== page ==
On March 15, 44 BC Julius Caesar was assassinated. This day went down in history as the Ides of March.
The conspirators placed themselves around him as he sat, as if they wanted to honor him; and immediately Cimbro Tillio, who had taken the initiative, came up to him as if he was going to ask him something and, since he was shaking his head, postponing the matter with a gesture, he grabbed his toga by both shoulders. […]. And when he realized he was being attacked from all sides with daggers drawn, he wrapped his head with his toga and at the same time brought down the folds to his feet with his left hand, to fall into the most dignified way after veiling the lower part of his body as well. And so he was stabbed twenty-three times, and only at the first stroke he moaned wordlessly; although it’s been said that, as Marcus Brutus assailed him, Caesar said: “You too, my son?”
De vita Caesarum, Book I, Suetonius.
These then, according to tradition, were the last words of Julius Caesar, when on March 15, 44 BC he fell under the blows of the senators led by Marcus Junius Brutus and Gaius Cassius Longinus, who conspired against the tyrant who was threatening the freedom of the people. Legend has it that Caesar witnessed bad omens that same morning when he woke up and his wife begged him to stay home that day. Two years after his assassination, Caesar was formally deified by the Senate and his intellectual legacy was collected by Augustus, his great-nephew and adopted a son.
Caesar changed the history of the West and Rome forever, which still bears the marks of his legacy. Let’s find out about the history of Rome and the Ides of March through the Roman sites that belong to the inheritance of Caesar.
The Forum of Caesar
The Forum of Caesar was the only part of the dictator’s urban plan to be accomplished before his death. It was funded by the victory of the world-famous Gaul wars and was intended to become the political, administrative and religious heart of the city. After Caesar was assassinated, his body was brought into the court, wherein the eastern end of the square a funeral pyre was set up, according to Roman tradition. It was in this place, in 29 BC that Octavian ordered the construction of a temple for the worship of his adoptive father in 29 BC.
Click here to visit the Roman Forum.
The ruins of the Roman Forum
Largo di Torre Argentina
This square, located in the ancient area of Campo Marzio (now the Fourth Ward of the city between the Quirinal and the Capitoline Hill) is a rich archaeological site that houses the ruins of four temples dating back to the Republic. Besides these temples, there are also the remains of a large tuff pedestal that scholars have attributed with certainty to the Theatre of Pompeii, the place where the conspiracy against Caesar was hatched and where it took place.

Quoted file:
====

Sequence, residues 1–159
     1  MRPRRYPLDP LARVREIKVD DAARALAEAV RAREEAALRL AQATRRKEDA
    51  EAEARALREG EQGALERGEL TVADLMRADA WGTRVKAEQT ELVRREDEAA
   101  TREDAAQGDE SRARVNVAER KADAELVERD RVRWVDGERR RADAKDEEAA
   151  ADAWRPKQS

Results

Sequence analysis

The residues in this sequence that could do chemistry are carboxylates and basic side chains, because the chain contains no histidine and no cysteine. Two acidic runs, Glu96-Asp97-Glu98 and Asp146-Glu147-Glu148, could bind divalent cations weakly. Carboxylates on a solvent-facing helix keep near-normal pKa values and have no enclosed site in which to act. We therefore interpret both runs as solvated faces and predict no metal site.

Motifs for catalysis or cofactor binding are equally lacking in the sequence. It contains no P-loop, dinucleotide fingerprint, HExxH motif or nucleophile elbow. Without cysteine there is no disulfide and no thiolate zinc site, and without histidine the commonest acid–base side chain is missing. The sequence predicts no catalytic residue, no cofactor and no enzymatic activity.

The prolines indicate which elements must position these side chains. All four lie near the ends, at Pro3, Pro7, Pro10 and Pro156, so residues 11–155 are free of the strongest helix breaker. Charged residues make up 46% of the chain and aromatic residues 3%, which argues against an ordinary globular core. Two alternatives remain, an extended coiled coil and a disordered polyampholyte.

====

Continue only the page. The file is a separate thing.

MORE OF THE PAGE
The ruins of Largo di Torre Argentina, where once stood the Theatre of Pompeii
Theatre of Marcellus
Caesar wanted the Theater of Marcellus to be so imposing and magnificent That the one in Pompeii would Appear small and insignificant in comparison. Unfortunately, he was killed before seeing the project Concluded. Octavian Augustus picked up the project and its size increased At Compared to the initial project, making the displacement of two sacred temples to Apollo and Bellona necessary. It was Inaugurated in 13 BC with games in great style. Octavian Entitled it to His nephew Marcus Claudius Marcellus, His designated heir. A big part of this beautiful Roman theater has come to us with the travertine facade featuring two of the three original orders Consisting of arches with Doric and Ionic columns. You can admire it in the namesake street Via del Teatro Marcello, at the foot of the Capitol.
The Theatre of Marcellus
The Suburra area
It is unlikely that many people know that Caesar was born into a very poor family that lived in the slums of Rome. The slums were Referred to as the Suburra district where lower classes of the population were living in miserable conditions. Today this area has been transformed: forget the brothels and the seedy streets, and get ready for chic bars and classy restaurants. The old Suburra area is none other than the Rione Monti, a wonderful neighborhood to walk around in while eating ice cream by Fatamorgana, where you can have a chic cocktail from La Barrique and where you can enjoy Japanese-Brazilian sushi by Temakinho.
A glimpse of the beautiful Monti, called Suburra in Caesar’s time
Despite its distinct medieval look, Trastevere has more ancient origins dating back to the glories of ancient Rome. Caesar, in fact, had a second home in this neighborhood: it’s said that he hosted Queen Cleopatra right in his villa in Trastevere in 46 BC. Today, Trastevere is one of the most characteristic areas of the Eternal City where you can find hundreds of taverns and restaurants. Among them, the Ristorante Meridionale, a ‘50s style restaurant, and trattoria that serves traditional Roman dishes along with more experimental and sophisticated ones.
Trastevere, one of the most picturesque districts of Rome